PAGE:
I don't generally like the word "soul", because it is an assumption I find self-indulgent, like using the word "God". I want to know what these words mean, because I think they do mean something that I can feel and relate to, but their religious connotations are too large, and churches have already destroyed any version of them we can believe in. But in Cole's work these assumptions don't work in any didactic sensibility. His poems work backward, in an almost Whitmanesque, even gnostic, manner, as he contemplates cosmos by considering vulgarities of the flesh. But instead moving in a Calvinistic approach, one that finds the body disgusting first and then the "soul" a thing that can redeem or save humanity from itself, these poems discover transcendent aspirations by stripping us down to the animal. They wonder that we are creatures first, with hungers, but with an ability for metaphor. Cole wonders that a Human animal can be this strange and hybrid. 

In the middle section of the book, "Gravity and Center", aptly titled, as if the forces of nature affect both animal and spiritual hungers, comes the poem that best speaks to the question of the collection's title, and therefore the book's purpose:

American Kestrel

I see you sitting erect on my fire escape,

plucking at your dinner of flayed mouse,

like the red strings of a harp, choking a bit

on the venous blue flesh and hemorrhaging tail.

With your perfect black-and-white thief's mask,

you look like a stuffed bird in a glass case,

somewhere between the animal and human life.

The love word is far away. Can you see me?

I am a man. No one has what I have:

my long clean hands, my bored lips. This is my home:

Woof-woof, the dog utters, afraid of emptiness,

as I am, so my soul attaches itself to things, 

trying to create something neither confessional 

nor abstract, like the moon breaking through the pines.

. . . . .

So I've stayed up late, but stayed in, to read alone these modern sonnets. Half-dressed as I am, and ready with my own hungers. In this poem the murderous hunger of the bird is answered by the dog's contemplative, but instinctual, fear. And the human? A figure caught between confession and abstraction, "somewhere between the animal and human life". Nature and godhood, whatever that might be, loveless and literal, but drenched with selfhood, the cold, far indifference of a newly breaking but ancient moonlight. 

Friends and Strangers, steal it if you can.

. . . . . .



On Facebook I was tagged to name 20 books that inspired or influenced me to write poetry.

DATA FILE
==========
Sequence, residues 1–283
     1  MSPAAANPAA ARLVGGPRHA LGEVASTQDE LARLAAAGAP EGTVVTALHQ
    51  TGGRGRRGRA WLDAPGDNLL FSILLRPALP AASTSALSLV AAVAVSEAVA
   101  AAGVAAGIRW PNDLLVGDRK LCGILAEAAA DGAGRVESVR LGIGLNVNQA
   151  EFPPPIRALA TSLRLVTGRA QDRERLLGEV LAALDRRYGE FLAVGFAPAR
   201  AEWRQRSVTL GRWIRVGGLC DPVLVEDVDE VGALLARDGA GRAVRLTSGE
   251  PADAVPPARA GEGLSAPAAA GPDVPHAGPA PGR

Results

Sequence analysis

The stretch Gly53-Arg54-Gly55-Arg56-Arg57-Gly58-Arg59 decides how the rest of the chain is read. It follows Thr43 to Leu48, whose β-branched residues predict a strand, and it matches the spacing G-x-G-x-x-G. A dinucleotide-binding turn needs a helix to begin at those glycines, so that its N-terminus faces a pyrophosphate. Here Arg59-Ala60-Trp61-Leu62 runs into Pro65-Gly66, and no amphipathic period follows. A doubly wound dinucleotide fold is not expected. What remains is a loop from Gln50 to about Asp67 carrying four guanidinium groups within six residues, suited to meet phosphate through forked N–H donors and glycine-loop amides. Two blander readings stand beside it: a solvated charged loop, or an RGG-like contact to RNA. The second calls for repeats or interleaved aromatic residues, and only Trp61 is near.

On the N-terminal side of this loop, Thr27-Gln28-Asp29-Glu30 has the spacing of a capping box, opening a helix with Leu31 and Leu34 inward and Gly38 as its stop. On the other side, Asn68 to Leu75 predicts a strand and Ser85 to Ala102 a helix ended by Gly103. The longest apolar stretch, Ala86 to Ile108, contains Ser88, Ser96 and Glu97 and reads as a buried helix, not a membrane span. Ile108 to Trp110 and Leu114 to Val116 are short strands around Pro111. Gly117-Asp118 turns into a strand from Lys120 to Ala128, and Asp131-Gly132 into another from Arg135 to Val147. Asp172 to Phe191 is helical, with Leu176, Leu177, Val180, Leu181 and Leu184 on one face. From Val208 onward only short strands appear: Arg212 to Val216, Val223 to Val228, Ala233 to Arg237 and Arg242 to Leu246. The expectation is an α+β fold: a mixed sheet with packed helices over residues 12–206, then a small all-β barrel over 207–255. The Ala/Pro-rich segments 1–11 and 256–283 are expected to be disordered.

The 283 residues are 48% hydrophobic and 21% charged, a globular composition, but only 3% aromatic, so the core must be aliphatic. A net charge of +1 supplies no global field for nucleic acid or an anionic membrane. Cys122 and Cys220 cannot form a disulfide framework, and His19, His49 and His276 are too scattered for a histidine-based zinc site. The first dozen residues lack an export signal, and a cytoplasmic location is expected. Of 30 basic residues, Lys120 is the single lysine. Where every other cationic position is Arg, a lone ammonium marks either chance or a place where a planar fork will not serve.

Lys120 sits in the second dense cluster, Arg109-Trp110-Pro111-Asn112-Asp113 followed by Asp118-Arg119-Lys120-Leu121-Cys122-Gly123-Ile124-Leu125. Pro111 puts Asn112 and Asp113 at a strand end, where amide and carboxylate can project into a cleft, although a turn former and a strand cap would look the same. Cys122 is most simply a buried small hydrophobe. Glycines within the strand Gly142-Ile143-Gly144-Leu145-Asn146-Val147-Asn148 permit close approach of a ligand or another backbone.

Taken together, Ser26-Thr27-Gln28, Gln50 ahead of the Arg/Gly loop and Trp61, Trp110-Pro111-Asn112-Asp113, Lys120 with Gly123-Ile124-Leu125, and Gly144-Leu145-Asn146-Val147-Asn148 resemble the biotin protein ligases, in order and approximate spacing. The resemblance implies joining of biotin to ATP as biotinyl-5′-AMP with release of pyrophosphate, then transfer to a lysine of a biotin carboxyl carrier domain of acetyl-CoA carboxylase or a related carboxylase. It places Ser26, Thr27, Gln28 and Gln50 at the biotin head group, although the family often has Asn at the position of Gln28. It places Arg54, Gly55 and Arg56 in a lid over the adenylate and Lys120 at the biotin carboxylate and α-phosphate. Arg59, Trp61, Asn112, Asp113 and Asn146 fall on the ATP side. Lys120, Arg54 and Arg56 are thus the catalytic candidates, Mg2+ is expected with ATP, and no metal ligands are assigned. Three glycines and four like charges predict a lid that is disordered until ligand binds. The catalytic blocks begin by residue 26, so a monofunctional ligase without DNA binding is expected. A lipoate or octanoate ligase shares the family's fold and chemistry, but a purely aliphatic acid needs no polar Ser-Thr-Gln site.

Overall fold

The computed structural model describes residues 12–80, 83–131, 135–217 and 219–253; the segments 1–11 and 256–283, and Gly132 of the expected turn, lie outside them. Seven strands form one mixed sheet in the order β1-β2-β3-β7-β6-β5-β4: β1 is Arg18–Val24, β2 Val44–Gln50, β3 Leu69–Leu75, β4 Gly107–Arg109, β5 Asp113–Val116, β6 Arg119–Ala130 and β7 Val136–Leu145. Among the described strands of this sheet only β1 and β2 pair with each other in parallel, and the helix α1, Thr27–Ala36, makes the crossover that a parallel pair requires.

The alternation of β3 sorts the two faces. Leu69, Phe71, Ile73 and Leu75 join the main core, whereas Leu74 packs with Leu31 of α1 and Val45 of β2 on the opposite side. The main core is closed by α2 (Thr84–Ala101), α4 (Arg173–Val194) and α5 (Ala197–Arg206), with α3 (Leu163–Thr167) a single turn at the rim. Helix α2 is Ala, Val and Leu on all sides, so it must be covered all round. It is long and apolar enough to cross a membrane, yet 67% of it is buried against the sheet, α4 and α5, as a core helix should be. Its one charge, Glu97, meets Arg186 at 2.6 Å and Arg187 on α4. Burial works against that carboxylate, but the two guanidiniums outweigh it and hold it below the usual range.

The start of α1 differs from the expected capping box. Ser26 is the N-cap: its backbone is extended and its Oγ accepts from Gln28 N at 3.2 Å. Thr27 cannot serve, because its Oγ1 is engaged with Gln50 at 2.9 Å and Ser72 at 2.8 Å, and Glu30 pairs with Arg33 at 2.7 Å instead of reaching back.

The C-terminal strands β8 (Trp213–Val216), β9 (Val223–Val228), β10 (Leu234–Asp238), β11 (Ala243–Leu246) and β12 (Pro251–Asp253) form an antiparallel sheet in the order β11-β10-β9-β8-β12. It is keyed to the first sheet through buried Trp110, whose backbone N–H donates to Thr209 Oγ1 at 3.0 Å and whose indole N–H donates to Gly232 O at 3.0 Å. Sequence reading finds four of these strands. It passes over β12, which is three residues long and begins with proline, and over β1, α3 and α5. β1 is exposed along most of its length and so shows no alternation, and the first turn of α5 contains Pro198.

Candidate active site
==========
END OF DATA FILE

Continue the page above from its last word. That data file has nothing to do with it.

I took this to mean poems from the beginning, that woke something up. That wounded me.

Books is too hard for me, but here's 20 poems I can remember lines from, poems I am sure called to inside me some calling:

--in no order, and with, I'm sure, severe omissions I will regret later--

1. "To Small Frogs Killed on a Highway" James Wright

2. "Carrion Comfort" Gerard Manley Hopkins

3. "Letter In November" Sylvia Plath

4. "Batter My Heart Three Person'd God" John Donne

5. "Death" Federico Garcia Lorca

6. "The Kid" Ai

7. "Lamium" Louise Gluck

8. "To the Black Madonna of Chartres" Jean Valentine

9. "Hamlet" William Shakespeare

10. "Legend" Hart Crane

11. "Les Stupa" Arthur Rimaud

12. "Elegy" David St. John

13. "Herbert White" Frank Bidart

14. "Letter" Larry Levis

15. "The White Fires of Venus" Denis Johnson

16. "The Window" Lynda Hull

17. "Aubade"  Philip Larkin

18. "The Waking" Theodore Roethke

19. "Take Me To the Airport" Yehuda Amichai

20. "Desert Places" Robert Frost

I'll throw in the Book of Job as a floating poem, since I went to church first and memorized those poems first, and surely learned my duende there. . . 

and three from my teachers:

"The Good Lunch of Oceans" by Alberto Rios

"The Funeral" by Norman Dubie (but I love "Hummingbirds" more. Shit just read The Springhouse Poems)

"Monsoon" by Beckian Fritz Goldberg

. . . . . .


Well From Which My Name Is Drawn

For all of the delicate crafting of his work, Li Young Lee absolutely fails the title to his latest collection of poetry, Behind My Eyes. I mean, really? Behind my Eyes? Why doesn't he just call it My Imagination? Is this Jill Bialosky's fault or his? What editor could let a ridiculous title like this go to print without some objection, some kind of innate scrutiny? Where were all the little red flags? Where were the voices and champions of this work?

Title: existing only in name, titulus

Title: a door into some unseen realm

Title: a wind through the darkness one can feel but not see

Title: what I call myself in a dream, curseword or ambition

Title: the question asked over again by the sea, 

asked over again by heartbeat, 

by fleeting absence, by flickering heat

Title: thirst without need

What I'm trying to say, Friends and Strangers, is that from a title what I want most is:

a provocative, compelling statement, that does the job of naming the true spirit of the book in all its repetitions, its ambitions, its direct and abstract mirrors.

I love this book by Li Young Lee, but I really have an aversion to its signpost. So much that re-reading it I felt compelled to do what I don't think either Lee or his editor at Norton bothered to do: ask the book for its name.